Ashwaganda and Adaptogens

I just returned from a fascinating trip to India where we visited among other areas, Kerala, in southern India. Kerala is famous for spices and tea plantations dating back to the time of the Roman empire. Cochin, the port city of Kerala, has been a center of commerce and home to successive waves of European traders for centuries. In the verdant hills of Kerala we toured a spice plantation which grew vanilla, black pepper, cardamom, ginger and ashwaganda, an important herb in Ayurvedic medicine.

Though our guide emphasized that ashwaganda was the ‘Indian Viagra’, I knew it had many other important properties. Ashwaganda, as I described in The Adaptation Diet, is one of the most potent adaptogens, a group of herbs that supports healthy adrenal function and improves the ability to adapt to stressful circumstances. Studies show less adrenal enlargement, blood sugar elevation or cortisol depletion in animals pretreated with ashwaganda and exposed to stressful conditions. People treated with ashwaganda are less anxious in stressful situations. It has effects on androgen production,GABA levels in the brain as well as reducing inflammation and improving immune function.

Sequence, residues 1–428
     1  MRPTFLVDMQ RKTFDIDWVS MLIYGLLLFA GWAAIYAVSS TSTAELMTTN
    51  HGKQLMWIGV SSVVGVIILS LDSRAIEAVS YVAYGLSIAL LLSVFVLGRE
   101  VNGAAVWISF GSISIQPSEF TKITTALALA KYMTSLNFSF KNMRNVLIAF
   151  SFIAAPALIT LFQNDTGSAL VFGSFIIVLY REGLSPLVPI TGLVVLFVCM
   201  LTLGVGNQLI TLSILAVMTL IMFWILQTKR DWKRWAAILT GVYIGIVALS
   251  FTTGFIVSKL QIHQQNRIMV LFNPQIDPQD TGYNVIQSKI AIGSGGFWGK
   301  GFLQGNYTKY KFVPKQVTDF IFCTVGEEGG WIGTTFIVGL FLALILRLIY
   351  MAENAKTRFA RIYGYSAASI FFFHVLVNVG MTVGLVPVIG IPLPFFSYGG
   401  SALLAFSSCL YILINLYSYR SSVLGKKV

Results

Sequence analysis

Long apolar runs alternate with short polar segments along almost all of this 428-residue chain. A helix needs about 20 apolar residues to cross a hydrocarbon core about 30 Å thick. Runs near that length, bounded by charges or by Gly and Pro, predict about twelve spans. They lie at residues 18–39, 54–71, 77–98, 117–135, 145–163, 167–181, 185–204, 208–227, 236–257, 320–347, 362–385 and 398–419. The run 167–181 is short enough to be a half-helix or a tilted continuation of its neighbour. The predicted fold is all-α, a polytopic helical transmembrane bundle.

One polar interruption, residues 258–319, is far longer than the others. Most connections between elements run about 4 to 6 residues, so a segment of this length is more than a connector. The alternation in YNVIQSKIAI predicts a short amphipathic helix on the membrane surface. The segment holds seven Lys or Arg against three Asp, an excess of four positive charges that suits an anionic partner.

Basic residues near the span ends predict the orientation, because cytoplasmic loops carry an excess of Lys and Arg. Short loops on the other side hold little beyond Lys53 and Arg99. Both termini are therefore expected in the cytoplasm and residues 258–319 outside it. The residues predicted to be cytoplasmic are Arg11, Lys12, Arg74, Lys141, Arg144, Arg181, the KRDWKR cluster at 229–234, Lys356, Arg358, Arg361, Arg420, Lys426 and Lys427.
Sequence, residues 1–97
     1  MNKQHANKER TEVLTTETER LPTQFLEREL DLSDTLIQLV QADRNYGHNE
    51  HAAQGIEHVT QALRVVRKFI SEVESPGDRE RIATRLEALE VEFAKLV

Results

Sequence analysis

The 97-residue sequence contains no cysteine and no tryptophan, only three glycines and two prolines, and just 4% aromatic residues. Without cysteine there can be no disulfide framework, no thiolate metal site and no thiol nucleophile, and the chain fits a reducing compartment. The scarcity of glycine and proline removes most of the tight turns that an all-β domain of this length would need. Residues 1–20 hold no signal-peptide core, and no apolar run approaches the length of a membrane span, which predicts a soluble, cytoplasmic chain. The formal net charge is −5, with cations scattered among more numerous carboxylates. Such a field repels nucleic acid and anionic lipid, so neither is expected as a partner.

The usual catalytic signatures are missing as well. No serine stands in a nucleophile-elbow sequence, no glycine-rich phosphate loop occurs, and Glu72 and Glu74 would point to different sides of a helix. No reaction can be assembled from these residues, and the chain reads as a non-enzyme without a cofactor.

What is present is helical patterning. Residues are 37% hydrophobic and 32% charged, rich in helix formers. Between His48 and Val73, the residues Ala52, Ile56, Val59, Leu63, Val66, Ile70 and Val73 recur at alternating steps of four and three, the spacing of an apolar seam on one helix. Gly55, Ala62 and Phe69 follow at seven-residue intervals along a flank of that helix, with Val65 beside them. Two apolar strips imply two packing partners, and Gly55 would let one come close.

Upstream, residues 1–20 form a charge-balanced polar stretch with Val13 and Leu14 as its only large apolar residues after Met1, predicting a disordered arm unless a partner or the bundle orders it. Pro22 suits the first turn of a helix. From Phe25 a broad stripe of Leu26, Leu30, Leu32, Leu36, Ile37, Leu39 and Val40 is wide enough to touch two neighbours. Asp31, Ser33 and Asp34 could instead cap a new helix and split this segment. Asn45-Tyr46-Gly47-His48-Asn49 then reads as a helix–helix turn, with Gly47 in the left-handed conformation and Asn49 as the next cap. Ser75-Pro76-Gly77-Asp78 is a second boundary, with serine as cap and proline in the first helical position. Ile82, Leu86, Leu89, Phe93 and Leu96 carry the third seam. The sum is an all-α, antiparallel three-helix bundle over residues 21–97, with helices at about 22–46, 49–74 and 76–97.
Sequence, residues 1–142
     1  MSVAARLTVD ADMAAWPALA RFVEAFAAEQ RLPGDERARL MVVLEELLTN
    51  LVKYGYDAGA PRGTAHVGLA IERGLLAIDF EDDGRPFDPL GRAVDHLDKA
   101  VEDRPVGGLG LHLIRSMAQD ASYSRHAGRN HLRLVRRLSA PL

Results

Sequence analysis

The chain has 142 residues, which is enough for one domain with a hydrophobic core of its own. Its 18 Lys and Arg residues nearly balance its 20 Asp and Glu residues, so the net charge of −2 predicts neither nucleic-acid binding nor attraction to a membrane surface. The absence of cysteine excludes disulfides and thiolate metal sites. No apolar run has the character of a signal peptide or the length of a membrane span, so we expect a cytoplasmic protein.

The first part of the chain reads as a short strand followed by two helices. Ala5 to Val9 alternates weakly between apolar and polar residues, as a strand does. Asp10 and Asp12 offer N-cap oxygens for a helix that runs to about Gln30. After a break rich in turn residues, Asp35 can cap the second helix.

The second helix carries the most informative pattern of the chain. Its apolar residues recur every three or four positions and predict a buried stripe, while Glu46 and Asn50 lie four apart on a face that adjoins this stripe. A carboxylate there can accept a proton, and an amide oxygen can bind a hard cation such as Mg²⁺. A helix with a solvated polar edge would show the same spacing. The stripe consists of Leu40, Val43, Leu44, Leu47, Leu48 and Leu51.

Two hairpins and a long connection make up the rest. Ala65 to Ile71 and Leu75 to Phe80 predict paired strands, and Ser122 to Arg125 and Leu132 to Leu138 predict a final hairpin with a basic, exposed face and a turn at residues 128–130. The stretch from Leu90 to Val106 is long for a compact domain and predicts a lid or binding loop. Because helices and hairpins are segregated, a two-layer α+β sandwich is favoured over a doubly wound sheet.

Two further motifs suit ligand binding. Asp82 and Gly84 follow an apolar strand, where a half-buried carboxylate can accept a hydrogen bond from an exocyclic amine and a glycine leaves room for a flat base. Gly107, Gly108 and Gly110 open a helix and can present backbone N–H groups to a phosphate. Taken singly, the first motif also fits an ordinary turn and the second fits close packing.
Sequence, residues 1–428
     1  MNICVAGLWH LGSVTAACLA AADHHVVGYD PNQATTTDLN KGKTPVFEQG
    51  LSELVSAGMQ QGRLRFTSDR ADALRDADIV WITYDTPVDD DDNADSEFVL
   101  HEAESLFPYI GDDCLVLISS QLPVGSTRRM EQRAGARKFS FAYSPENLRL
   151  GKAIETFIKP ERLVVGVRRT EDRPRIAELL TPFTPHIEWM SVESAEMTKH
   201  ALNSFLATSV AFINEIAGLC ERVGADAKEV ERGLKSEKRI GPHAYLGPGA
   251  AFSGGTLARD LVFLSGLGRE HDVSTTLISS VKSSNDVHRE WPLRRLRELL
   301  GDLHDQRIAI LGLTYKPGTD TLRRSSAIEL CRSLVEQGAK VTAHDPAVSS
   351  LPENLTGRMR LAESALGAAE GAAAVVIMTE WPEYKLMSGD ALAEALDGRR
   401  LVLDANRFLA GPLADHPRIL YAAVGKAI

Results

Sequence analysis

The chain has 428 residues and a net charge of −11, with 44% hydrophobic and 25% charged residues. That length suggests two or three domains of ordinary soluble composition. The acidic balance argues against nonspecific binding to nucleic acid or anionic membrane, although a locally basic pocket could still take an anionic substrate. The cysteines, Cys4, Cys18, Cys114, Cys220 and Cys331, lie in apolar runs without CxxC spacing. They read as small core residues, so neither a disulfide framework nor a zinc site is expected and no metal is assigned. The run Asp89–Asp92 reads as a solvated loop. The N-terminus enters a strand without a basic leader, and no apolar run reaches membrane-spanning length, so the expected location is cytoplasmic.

Ashwaganda, along with the program outlined in The Adaptation Diet, can be an important tool in maintaining the ability to adapt to stressful circumstances.

The Curious Case of Gluten

When I wrote The Adaptation Diet, one topic I included which causes a lot of  confusion for  my patients, is gluten intolerance and celiac disease. Gluten is the protein found in wheat, barley, rye, malt, triticale, spelt, and kamut.  It doesn’t make much sense that  foods that were integral to human evolution  have caused so many people health problems. However, like many things in life, too much of a good thing has become a problem for some people. Sensitivity to gluten is widespread in the Untied States, especially in people of Northern European extraction (Scandinavian,English, Irish, and German).

Individuals vary in their response to gluten proteins. On one end of the continuum is simple gluten intolerance (also called non-celiac gluten intolerance) with symptoms of fatigue, headaches, digestive bloating, flatulence,diarrhea, weight gain, skin problems, depression, and joint or muscle pain. It is estimated that one in ten Americans could have gluten intolerance or wheat allergy. On the other end of the continuum is the more serious celiac disease, with major bowel symptoms, a less common problem with an incidence of 1 in every 133 Americans.

There are blood tests to help identify if you have gluten intolerance, but if there is any question the best approach is to adopt a gluten-free diet  for at least 3 months. If you are concerned about the celiac disease aspect, see a gastroenterologist to discuss the need for a biopsy before you stop eating gluten.